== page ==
Page from Elementarz, illustrated by Jerzy Karolak
A New Childhood, House of Illustration's current exhibition of early illustrated Soviet children's literature, has already sparked off some discussion about the importance of this body of work in defining the character of a very specific cultural and political landscape, as well as the impact it set rippling through the rest of the world - as Olivia Ahmad explores in her curator's blog.
From Alphabet of Metric Units - Olga Deineko and Nikolai Troshin
One question that we're looking forward to addressing in the public programme supporting the exhibition is: what was the rest of the world doing in the early 20th century whilst Soviet Russia was radically reinventing the aesthetic of visual communication for children?
From About Two Squares by El Lissitzky
We are interested in glimpsing the scope of diversity, the level of direct influence, the amount of cross fertilisation occurring across Europe as well as between continents in in the 20s and 30s. We're also interested in the ongoing story of these books - where they came from, what they meant to people, how they went on to affect later generations of artists and publishers.
To illustrate - this is Elementarz, a book that we were taught Polish from in England in the 1970s. Even though the book was produced in the 60s, it still carries elements of the 1930s style that somehow managed to remain among the displaced Polish communities after the war. Here's a page that depicts the collectivisation of agriculture in the early decades of the Soviet Union, with machinery turning the landscape into a place where all could work together:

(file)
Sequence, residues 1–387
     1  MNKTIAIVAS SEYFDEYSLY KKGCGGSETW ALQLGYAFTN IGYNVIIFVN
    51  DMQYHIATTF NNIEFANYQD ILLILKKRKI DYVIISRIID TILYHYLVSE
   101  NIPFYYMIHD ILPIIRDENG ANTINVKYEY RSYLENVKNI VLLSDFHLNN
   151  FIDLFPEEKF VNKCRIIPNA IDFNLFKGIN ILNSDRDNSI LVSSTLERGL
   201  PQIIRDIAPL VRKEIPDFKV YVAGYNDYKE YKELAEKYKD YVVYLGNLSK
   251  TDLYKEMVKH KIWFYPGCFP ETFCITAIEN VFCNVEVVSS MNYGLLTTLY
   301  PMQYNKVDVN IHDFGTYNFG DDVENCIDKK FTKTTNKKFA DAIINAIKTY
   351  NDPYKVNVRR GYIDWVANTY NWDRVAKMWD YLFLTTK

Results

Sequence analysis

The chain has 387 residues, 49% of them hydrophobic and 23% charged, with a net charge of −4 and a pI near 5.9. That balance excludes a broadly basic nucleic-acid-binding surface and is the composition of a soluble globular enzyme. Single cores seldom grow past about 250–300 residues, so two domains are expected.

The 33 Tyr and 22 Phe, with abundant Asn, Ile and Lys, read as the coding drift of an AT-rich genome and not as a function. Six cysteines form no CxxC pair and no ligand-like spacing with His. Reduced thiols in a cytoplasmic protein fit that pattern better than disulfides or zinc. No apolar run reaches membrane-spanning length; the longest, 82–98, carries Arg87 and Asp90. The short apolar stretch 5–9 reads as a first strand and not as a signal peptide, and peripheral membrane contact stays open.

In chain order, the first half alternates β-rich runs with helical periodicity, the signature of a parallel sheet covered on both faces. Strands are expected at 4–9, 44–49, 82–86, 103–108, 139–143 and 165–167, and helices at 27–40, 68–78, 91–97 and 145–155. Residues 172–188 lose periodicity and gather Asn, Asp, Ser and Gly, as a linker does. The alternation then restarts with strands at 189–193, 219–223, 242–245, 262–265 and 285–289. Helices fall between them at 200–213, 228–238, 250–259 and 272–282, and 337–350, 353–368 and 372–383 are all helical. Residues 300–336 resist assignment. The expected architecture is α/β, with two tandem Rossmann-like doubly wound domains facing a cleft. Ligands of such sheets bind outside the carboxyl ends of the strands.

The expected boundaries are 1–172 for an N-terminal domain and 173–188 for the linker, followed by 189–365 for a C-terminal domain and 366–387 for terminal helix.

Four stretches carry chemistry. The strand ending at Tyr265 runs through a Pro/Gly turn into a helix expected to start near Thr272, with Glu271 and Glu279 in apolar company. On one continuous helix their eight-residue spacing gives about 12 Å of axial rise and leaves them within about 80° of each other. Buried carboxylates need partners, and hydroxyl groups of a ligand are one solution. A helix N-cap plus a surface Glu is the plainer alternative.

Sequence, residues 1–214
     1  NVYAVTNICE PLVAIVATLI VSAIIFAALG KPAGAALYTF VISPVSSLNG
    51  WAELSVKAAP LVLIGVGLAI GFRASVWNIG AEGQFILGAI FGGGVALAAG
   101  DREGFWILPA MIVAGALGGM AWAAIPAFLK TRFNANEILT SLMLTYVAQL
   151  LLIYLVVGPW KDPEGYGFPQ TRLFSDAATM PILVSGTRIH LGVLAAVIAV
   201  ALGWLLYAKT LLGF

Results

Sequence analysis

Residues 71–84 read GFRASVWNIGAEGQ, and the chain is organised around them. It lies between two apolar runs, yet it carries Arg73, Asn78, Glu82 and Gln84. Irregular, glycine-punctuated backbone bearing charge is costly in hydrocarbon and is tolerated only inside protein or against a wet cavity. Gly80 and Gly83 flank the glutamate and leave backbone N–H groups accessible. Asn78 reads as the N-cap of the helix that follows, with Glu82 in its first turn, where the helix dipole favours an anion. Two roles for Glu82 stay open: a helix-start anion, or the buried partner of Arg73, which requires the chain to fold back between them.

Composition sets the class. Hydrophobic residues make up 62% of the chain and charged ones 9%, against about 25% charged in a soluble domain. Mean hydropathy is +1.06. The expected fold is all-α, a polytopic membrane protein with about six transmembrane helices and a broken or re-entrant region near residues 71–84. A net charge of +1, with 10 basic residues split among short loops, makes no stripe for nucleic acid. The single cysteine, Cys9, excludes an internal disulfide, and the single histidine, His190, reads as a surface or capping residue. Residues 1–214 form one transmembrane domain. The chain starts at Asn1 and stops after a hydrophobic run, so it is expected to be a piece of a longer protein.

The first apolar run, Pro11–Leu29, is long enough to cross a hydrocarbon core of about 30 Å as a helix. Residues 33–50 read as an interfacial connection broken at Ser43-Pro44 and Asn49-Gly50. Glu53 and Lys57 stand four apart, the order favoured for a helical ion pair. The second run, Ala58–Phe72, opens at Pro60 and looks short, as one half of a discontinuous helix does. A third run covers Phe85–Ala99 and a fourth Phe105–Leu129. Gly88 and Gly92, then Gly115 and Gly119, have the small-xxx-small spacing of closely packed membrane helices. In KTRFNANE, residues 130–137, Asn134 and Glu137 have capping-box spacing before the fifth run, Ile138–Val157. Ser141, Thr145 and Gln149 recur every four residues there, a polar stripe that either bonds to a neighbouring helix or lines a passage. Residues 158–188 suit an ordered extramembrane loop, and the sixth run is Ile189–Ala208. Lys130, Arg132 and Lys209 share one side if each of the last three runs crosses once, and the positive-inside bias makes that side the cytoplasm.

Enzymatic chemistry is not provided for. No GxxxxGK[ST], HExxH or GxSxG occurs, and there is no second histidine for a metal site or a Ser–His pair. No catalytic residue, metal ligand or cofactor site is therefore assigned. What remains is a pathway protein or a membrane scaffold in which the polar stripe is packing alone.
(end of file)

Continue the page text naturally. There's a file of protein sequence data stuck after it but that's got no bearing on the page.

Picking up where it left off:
It's a small piece of personal and social history that forms part of a larger story - one of illustration drawing links between times and places in a sometimes expected, sometimes surprising, always very human way.
Have you got illustrated heirlooms, cherished children's books, that reflect your family's cultural heritage? We'd love to see examples of books from all around the world to add to a blog post shared towards the end of the current exhibition in September.
Come and drop us a line on twitter if you have anything you'd like to share. All you need is a photo of the cover and/or some pages from your vintage children's book, with a brief description of where it's from and why it's important to you. We look forward to seeing your stories.
Public Programme Manager